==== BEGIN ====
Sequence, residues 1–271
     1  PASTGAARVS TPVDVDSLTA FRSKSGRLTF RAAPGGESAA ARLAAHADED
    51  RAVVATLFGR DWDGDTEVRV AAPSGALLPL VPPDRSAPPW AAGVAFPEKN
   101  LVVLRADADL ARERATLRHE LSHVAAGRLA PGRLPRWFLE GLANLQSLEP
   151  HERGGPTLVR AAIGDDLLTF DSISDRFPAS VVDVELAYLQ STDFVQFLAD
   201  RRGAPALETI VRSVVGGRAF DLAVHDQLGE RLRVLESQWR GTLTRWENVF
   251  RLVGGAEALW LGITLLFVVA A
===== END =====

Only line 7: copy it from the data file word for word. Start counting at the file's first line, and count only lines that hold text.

   251  RLVGGAEALW LGITLLFVVA A